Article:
Historically, this concept has been an utter failure in every city, state and even other countries. For instance, in Sweden, the rent control system failed. Those tenants that were awarded the housing contracts illegally sublet to secondary tenants on the black market. Many units were overcrowded. Once tenants obtained the rental controlled unit, they rarely relinquished them, thereby limiting the availability of housing for new tenants. It was nearly impossible for any newcomers to the city to get a controlled unit. Vacant, decontrolled units were forced to charge more due to the lack of supply, thereby resulting in a wide disparity of rent for similar units. 

What results is one class of people gaining an advantage over other classes of people. This is not only discriminatory but not a recipe for social harmony.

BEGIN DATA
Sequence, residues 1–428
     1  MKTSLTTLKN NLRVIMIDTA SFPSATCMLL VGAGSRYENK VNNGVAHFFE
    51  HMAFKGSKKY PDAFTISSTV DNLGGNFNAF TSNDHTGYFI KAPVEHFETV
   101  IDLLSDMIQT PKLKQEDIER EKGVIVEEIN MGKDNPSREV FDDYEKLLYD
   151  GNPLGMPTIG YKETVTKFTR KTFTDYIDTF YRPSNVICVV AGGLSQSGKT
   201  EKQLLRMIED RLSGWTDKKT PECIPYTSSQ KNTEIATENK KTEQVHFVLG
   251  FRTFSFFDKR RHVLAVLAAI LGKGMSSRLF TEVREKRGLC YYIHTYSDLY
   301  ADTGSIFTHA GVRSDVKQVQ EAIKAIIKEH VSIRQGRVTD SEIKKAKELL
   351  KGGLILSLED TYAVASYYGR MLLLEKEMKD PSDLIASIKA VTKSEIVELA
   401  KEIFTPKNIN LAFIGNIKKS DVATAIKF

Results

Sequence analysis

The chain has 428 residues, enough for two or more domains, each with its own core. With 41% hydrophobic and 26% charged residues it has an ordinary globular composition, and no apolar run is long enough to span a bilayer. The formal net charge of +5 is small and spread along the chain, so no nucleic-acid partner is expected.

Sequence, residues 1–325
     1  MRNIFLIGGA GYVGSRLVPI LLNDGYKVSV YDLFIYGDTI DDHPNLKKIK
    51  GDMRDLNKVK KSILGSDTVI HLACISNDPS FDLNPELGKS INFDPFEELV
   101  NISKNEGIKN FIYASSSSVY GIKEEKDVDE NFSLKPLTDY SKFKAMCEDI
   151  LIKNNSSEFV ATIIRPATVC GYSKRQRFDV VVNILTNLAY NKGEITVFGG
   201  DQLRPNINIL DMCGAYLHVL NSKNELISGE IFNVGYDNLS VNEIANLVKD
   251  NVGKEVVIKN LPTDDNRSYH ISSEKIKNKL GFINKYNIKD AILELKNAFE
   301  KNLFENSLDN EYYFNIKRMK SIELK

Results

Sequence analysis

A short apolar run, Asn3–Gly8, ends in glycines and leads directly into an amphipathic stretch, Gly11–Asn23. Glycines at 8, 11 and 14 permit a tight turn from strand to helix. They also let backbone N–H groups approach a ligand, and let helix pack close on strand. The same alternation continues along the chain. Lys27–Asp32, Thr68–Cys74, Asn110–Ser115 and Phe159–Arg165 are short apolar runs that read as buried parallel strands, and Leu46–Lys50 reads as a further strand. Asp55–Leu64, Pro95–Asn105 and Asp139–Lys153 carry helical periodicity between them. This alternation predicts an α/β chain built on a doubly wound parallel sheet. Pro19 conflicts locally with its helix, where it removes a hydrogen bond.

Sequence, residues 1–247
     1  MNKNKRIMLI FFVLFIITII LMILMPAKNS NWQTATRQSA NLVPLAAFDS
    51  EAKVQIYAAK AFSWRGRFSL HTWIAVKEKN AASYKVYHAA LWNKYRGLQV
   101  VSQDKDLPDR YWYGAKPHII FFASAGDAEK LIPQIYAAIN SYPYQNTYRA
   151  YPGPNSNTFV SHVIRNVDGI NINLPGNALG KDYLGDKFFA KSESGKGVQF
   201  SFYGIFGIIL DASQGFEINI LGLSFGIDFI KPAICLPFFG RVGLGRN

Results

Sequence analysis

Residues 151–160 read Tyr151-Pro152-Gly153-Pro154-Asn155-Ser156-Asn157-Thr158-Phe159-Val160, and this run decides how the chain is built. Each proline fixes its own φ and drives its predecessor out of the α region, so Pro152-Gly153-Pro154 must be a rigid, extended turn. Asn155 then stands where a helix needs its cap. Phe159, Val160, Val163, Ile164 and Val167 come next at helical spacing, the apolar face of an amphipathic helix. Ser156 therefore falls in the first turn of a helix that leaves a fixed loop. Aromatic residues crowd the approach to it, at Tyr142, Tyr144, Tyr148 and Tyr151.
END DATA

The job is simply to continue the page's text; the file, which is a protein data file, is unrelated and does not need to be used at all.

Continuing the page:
This also results in falling mobility which feeds into difficulties for employers which is a major impediment to hiring workers to grow their workforce. Burbank has and also attracts large corporate businesses with many thousands of employees who need housing. Over the past years, council members and staff have not been in favor of rent control. We have survived the impact of the covid pandemic and have a strong economy. 

The further studies revealed that a price ceiling will produce a shortage of units and service provided. Where rent price ceilings are set below the fair market rates, property owners tend to leave the market, never enter the market in the first place, adjust other costs (such as maintenance and repair) downward so as to reduce losses or maintain their margins and be disincentivized to renovate existing housing.